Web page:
• Southeast Asia: Platform of Early Glass Trade Offprint from Bettina Zorn · Alexandra Hilgner (eds) Diese Publikation und die dazugehörige Konferenz wurden vom Bundesministerium für Bildung und Forschung (BMBF) gefördert. The publication and the conference were made possible by financial support of the German Federal Ministry of Education and Research (BMBF). THE SHAANXI PROVINCIAL INSTITUTE OF ARCHAEOLOGY Gesamtredaktion: Bettina Zorn (RGZM bis 1. 2010), Catherine Aman, Trisha Kovacic-Young (Young Translations LLC)... 6,068 Words | 47 Pages
  • India and Southeast Asia, 1500 B.C.E.-600 C.E. Ashley Thompson AP World History Ms Thurgood,1-3 Chapter 6: India and Southeast Asia, 1500 B.C.E.-600 C.E. P: *Around 1000 B.C.E the people were divided into kinship groups while the kings ruled over the tribes. Later under the Kings were military and civil officials, which dealt with records, income of the government and custom duties. During the Gupta empire there was a rather decentralized administration unlike the Mauryan Empire. *Brahmans and warriors were at the highest point in... 787 Words | 3 Pages
  • Critical Review of James Scott's "Patron Clients and Political Change in Southeast Asia" A Critical Review of James C. Scott's "Patron-Client Politics and Political Change in Southeast Asia" Patrick Liao Vilhena SID 18984638 In his "Patron-Client Politics and Political Change in Southeast Asia," (James C. Scott, 1972), James C. Scott attempts to explain the patron-client model of association and "demonstrate its applicability to political action in Southeast Asia." (Scott 1972: 91) He acknowledges that the patron-client model is more commonly applied by anthropologists, but... 961 Words | 3 Pages
  • How Similar Were the Achievements and Limitations of Nationalism in Southeast Asia Before 1941? How similar were the achievements and limitations of nationalism in Southeast Asia before 1941? The period before 1941 can also be referred to as the pre-war period before the Japanese Occupation. The Southeast Asian nationalist movements then had similar achievements and limitations. Their achievements were scarce as the majority of the population was politically apathetic. To add to this, the nationalist groups often lacked mass support and military strength. The greatest achievement of... 1,462 Words | 5 Pages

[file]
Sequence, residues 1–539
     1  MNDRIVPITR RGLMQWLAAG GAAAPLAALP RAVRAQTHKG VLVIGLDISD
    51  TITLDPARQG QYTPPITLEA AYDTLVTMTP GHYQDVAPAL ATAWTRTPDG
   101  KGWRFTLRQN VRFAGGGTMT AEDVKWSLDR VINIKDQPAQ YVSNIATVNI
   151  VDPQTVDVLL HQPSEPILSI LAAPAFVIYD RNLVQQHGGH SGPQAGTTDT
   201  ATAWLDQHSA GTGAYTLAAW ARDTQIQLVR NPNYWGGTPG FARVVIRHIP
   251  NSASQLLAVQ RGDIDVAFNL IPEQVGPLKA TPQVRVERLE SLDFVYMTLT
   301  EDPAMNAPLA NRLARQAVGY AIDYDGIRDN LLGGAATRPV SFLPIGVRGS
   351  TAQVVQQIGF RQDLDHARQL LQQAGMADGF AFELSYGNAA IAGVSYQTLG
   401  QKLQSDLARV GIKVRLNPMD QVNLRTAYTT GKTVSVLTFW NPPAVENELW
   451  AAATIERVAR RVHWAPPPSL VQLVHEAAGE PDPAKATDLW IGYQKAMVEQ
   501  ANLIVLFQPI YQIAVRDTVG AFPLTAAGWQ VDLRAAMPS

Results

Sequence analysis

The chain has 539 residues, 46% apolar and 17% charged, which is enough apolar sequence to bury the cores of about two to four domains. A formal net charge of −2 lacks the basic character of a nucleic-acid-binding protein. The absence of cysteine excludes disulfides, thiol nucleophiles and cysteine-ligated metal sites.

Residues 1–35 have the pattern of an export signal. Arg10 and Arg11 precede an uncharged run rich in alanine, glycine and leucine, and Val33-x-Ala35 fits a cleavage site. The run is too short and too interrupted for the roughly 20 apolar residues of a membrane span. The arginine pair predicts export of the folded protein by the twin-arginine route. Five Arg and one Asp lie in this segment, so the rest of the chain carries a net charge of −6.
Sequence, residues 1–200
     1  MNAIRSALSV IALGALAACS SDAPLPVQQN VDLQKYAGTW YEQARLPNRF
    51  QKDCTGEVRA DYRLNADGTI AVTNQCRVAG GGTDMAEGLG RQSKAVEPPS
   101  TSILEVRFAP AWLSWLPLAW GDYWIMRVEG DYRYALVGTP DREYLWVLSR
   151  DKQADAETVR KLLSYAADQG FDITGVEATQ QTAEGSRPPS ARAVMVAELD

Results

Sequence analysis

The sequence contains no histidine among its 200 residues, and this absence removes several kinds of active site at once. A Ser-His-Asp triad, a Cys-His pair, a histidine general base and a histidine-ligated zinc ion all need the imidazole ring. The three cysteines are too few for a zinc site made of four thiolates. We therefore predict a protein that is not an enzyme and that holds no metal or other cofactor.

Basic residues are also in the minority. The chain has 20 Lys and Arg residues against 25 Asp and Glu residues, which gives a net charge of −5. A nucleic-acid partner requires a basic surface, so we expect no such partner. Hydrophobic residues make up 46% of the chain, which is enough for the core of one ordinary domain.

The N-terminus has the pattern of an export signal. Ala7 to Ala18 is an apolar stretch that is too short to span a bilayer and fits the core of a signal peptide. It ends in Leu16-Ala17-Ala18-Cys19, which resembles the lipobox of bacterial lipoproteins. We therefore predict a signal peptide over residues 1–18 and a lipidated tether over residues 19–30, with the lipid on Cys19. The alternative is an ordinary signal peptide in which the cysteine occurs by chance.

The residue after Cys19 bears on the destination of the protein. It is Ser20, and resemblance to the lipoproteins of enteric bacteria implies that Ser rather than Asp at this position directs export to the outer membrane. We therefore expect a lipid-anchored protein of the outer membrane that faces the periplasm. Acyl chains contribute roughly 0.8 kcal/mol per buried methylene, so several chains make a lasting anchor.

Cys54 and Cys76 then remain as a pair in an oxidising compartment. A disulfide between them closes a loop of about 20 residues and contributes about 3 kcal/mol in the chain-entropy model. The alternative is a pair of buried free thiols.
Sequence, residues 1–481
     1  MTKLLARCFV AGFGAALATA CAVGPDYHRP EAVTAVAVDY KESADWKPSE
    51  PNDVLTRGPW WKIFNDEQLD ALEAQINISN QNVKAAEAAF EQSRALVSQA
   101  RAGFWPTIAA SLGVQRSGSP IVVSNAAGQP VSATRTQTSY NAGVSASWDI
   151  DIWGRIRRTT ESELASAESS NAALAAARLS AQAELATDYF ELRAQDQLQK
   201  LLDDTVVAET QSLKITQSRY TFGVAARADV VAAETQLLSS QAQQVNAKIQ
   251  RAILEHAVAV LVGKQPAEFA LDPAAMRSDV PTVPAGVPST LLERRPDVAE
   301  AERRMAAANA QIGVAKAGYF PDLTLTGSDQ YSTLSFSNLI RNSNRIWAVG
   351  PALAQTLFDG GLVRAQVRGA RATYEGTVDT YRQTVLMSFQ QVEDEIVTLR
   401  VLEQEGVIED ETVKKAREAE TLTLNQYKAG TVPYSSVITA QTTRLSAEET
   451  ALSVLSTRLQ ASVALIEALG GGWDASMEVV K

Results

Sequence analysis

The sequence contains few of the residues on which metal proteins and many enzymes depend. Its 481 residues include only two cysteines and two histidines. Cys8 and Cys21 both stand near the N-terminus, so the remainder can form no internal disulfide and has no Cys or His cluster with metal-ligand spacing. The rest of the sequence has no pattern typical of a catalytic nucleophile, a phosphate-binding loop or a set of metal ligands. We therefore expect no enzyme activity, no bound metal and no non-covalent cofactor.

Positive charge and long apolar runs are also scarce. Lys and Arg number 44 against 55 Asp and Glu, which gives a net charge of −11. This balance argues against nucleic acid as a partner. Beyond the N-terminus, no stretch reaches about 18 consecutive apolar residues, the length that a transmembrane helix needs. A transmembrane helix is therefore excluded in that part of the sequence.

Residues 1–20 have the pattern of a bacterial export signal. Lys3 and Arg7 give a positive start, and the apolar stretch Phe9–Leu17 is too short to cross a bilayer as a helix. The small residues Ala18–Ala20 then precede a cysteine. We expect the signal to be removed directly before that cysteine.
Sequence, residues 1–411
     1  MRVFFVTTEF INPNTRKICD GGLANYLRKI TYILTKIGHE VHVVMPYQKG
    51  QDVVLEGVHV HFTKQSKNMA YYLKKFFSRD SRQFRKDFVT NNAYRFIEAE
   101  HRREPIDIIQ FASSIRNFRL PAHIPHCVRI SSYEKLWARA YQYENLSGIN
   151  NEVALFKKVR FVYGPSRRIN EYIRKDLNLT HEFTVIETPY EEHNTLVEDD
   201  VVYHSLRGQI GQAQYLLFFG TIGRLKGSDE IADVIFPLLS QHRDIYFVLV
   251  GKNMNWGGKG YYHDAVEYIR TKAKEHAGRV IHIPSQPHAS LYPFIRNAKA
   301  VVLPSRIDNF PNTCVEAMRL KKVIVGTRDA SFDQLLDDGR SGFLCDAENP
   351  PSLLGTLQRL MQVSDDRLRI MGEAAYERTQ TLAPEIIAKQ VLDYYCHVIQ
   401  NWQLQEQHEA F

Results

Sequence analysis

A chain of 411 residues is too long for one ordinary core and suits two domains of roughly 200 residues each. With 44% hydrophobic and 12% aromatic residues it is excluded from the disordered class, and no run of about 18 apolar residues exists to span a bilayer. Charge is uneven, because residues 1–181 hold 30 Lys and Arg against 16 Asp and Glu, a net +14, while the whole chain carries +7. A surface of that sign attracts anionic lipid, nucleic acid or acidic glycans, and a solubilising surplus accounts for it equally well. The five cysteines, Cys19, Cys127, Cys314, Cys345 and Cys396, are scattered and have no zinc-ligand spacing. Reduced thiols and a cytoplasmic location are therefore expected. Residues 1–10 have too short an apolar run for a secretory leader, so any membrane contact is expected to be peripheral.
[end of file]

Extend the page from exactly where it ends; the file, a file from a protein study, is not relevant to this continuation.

• To What Extent Was the Process of Decolonization in Southeast Asia a Violent Struggle? To what extent was the process of decolonization in Southeast Asia a violent struggle? The process of decolonization in Southeast Asia was not totally a violent struggle due to the divers natures of the process of decolonization and the fight for independence in the various Southeast Asian nations. Furthermore, although the struggle for the withdrawal of the colonial masters was lined with bloodshed and violence, there were still moments in which peaceful negotiations managed to take place,... 1,326 Words | 4 Pages
  • Account for the Failure of Nationalist Movements in Southeast Asia in the Period 1900-1941. Account for the general failure of nationalist movements in Southeast Asia in the period 1900-1941. The failure to achieve political independence of pre-war nationalism in Southeast Asia was mainly due to the interplay of nationalist factors, impact of colonial response and inherent society composition. Nationalist disunity watered down mass support which was key to success, while colonial rule hindered the development of nationalism and the nature Southeast Asian society made unification... 1,593 Words | 5 Pages
  • Se Asia - 934 Words Chapter 2: Southeast Asia Questions 1. The combined effect of what 3 phenomena results in the islands of Southeast Asia being one of the wettest regions in the entire world? Equatorial location, pressure systems, tectonic activity 2. What became the most important crop in Southeast Asia due to its ability to thrive in the standing water brought by the monsoon rains? Who performs much of the work for this labor-intensive crop in this region? Rice, harvested mainly by women 3. Plate... 934 Words | 3 Pages
  • Southwest Asia - 8439 Words Name: Patrick Smith Period: 6th Date: 1/ 29/ 13 CHANGE AND CONTINUITY ESSAY PACKET UNDERSTANDING WORDS This essay asks students to access how larger global issues and themes such as gender, trade, technology, and environment have changed and remained the same. If any one essay will give students difficulties, it is likely that this essay will. Students will not only have to identify areas of change, but also areas of continuity... 8,439 Words | 33 Pages
  • Why are some countries in the East and Southeast Asia persistently authoritarian while so few are democratic?  POL 215Y Assignment 1 Why are some countries in the East and Southeast Asia persistently authoritarian while so few are democratic? Compare and contrast two or more cases. Student Name: Xin Zhang Student #: 999620771 Instructor: Jacques Bertrand TA: Wayne Zhu Democracy is a political system that makes sure that all eligible citizens have the right to participate in making the decisions that affect them either in a direct or indirect way. President Lincoln... 2,842 Words | 8 Pages